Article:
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Post new topic Dutch Influences in Hawaiian Music *With Music*
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Author Topic:  Dutch Influences in Hawaiian Music *With Music*
Ron !

Post Posted 1 Jul 2008 4:15 pm     Reply with quote

Although I am no longer living in The Netherlands and I did sell my soul to Pedal Steel still has a secret spot in my heart.


Not many people know....but the Dutch(Netherlands)people had a great impact in this genre.
Bands like "The Kilima Hawaiians,Rudy Wairata,George The Fretes and The Honolulu Minstrels are just a couple of the long list of bands that originated in The Netherlands.

Rudy Wairata and Henk Braaksma(Honolulu Minstrels)have made me what I am right now.
Both of these super players and of course my dad contributed in my style of playing.My dad played hawaiian guitar in a band called "The Honolulu Hawaiians" in the early 60's with a singer called "Hermien Timmerman".Many Dutch people will recognize her.

Unfortunately is the Dutch Hawaiian scene on it's return after a very successful period.At the bottom of this post you will find several samples of the Dutch Hawaiian Music and how it was played over the years.

The Kilima Hawaiians,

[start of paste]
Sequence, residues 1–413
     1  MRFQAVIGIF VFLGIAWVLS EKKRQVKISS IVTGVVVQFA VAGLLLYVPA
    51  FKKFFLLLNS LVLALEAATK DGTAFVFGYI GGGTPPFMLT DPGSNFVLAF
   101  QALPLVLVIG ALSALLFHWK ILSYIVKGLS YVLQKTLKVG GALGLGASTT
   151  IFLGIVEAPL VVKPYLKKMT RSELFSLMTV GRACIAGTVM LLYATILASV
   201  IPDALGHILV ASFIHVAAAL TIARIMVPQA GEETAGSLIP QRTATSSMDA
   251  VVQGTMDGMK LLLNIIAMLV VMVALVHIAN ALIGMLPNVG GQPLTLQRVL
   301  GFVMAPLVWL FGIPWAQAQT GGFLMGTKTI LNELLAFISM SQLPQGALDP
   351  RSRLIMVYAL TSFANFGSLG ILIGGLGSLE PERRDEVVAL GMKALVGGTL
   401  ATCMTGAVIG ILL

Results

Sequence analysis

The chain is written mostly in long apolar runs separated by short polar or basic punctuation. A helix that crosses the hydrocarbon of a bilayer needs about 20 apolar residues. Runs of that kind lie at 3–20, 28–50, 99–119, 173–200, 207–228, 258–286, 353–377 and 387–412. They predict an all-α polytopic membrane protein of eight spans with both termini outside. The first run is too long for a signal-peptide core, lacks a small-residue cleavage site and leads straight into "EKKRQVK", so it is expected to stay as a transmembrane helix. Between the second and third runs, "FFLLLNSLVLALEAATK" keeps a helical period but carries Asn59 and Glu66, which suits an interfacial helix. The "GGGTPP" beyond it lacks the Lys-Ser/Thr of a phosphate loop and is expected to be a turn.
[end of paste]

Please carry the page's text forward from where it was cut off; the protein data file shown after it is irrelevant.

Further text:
They were a band that hold record in the Guiness Book of records for the longest existing band in history.I am not really sure but some people tell me that they made over 75 records.This band is where Rudy Wairata made his name in The Netherlands.Rudy Wairata played several guitars but was known for using a Fender 8-string.
One song I added is the Famous Kilima Waltz.Who ever played the original song is not known by me but as far as I know were The Kilima Hawaiians the band that came with it years and years ago.The steel player that played the song listed was Coy Pereira.Coy was the steel player that played by far the longest time with The Kilima Hawaiians.
This band had many steel players....just to name a few.
Coy Pereira.
Rudy Wairata.
Frans Doolaard.(inventor of the Stereo Pedal Steel)
These wonderful players are all deceased.

George The Fretes,
Not many people know him in America but believe you me....he was one of the most innovative players that ever walked on this earth.One of the view players that cut a record in Japan.
When you hear him play you immediately will recognize his style from TV.Think SpongeBob Squarepants.They used several tunes played by him.Some say that it was Gary Carpenter but I have to say that it was not Gary but George.
George played a Rick frypan 7-strings.George was known for his high pitched voice.That probably did cost him his life because it leaves tremendous amounts of pressure on the brains when sung that way.

The Honolulu Minstrels(former Honolulu 77),
Henk Braaksma plays in this superband.Henk is probably the fastest picker out there.When I left The Netherlands Henk played a Gibson lapsteel(6-string).However I have not really an idea what he is using now.
When you hear this sample listen to the rhythm guitar who also plays the bass part at the same time.Henk played his first cd using only a 6 string lapsteel(Gibson) and a Fender Twin...nothing more nothing less.Not even a volume pedal.